When Vulnerability Is A Strength – Not A Weakness
“I’m hanging out the window, in my dressing gown.”
Within the first 30 seconds of our first ever conversation, that was what Penny Haslam was telling me. And I instantly liked her for it.
She was referring to the fact I’d called her early doors (hence the dressing gown*) and the fact she gets rubbish mobile signal in her home (hence hanging out the window). I responded in kind by admitting I was also casually dressed, although my outfit included a fleece (very middle-aged of me).
We were only a couple of sentences into our call, but a long way into buying each other’s personal brands.
Because what Penny had done, inadvertently or not, was to immediately make herself vulnerable (and I’d responded in kind). After all, a dressing gown and a fleece aren’t the first things you’d think professional women like us would admit to wearing.
She showed me there was a human side to her that offset the impressiveness of her CV which, to someone yet to meet her, might be slightly overwhelming: she’s an ex-BBC journalist, TEDx speaker, winner of the PSA’s Speaker Of The Year award and a successful visibility coach working with FTSE 100 companies.
On the face of it, vulnerability has only negative connotations.
The dictionary describes it as: the quality or state of being exposed to the possibility of being attacked or harmed, either physically or emotionally.
But as Penny showed, it can also work in your favour when it comes to connecting quickly and getting buy-in to your personal brand.
Here’s what happens if you show no vulnerability at all.
In a recent interview, Scottish First Minister Nicola Sturgeon gave some insight into her regular meetings with the British Prime Minister Theresa May. She described May as stiff and defensive, saying, “This is a woman who sits in a meeting where it’s just the two of you and reads a script”.
She then gave the example of meeting May after the PM had completed a whirlwind foreign tour. Sturgeon said, “We sit down, it’s literally just the two of us, and I say, ‘You must be knackered.’ She said, ‘No! I’m fine!’ and it was as if I’d insulted her. It’s just impossible to get any human connection.”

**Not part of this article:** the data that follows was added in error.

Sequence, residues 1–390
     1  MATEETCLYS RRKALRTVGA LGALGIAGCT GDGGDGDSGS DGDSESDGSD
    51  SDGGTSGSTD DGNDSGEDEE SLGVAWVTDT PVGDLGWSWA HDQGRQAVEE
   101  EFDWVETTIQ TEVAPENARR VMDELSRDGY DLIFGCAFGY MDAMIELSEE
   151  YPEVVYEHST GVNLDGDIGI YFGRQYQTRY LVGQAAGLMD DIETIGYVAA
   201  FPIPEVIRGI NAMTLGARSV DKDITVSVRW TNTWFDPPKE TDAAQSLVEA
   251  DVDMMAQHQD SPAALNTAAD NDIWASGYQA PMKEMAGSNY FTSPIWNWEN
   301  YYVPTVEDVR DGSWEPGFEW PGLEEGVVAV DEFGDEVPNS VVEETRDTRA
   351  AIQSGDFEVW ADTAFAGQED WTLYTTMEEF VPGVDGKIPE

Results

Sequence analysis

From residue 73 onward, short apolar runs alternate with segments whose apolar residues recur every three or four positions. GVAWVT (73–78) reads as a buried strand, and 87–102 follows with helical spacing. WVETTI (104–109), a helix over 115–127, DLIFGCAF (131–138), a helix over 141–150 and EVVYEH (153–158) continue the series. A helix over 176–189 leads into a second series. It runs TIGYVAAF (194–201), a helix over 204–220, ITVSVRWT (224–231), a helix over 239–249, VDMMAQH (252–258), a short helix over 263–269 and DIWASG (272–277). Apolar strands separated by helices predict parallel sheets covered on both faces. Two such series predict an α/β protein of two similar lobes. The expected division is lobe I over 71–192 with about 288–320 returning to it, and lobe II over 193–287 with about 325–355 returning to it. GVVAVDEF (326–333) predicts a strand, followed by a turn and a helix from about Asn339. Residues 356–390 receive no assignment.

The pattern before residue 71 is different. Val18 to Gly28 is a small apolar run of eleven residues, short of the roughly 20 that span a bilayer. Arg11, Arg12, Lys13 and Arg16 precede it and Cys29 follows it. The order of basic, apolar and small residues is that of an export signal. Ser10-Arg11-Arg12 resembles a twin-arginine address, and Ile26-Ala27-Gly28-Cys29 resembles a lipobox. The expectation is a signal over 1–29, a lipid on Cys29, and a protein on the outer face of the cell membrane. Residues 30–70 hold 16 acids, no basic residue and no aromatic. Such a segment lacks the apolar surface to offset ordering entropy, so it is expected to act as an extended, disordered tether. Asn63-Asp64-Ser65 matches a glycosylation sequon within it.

And that’s what people are looking for…a human connection. Because when people buy into your personal brand, they’re doing it at an emotional, not a logical, level. However, if Theresa May was canny, she’d take a leaf out of another politician’s book.
Vulnerability can make friends from enemies.
Benjamin Franklin, the man who went on to become one of the Founding Fathers of America, was running for a second term as clerk of the general assembly. A colleague – someone of great influence – delivered a speech lambasting him and damaging his chances of success (although Franklin still won).
Afterwards, Franklin decided it would be beneficial to win his critic over, so he used his reputation as a book collector to approach the man, asking to borrow a rare book. His display of vulnerability was recognising the man had something Franklin didn’t. The rival was flattered and sent it straight away.
When Franklin returned the book a week later, he included a thank you note to strengthen the connection he’d made. The next time they met, the man spoke to him personally and they went on to become friends.
This strategy of showing vulnerability to an enemy in order to win them over has now been christened the Benjamin Franklin Effect.
It’s got to be balanced.
Of course, showing vulnerability and nothing else can indeed be detrimental. For example, people who use self-deprecation and spend their whole time pointing out their flaws do nothing to create a positive brand. But when it’s used to offset the confidence and credentials your personal brand has laid out before that, it can definitely be a strength.
Have you ever showed vulnerability and found it worked in your favour? Or has someone else’s vulnerability changed your opinion of them for the better? Your comments – as ever – would be greatly appreciated.
* Just to be clear – that’s not Penny in the photo 🙂
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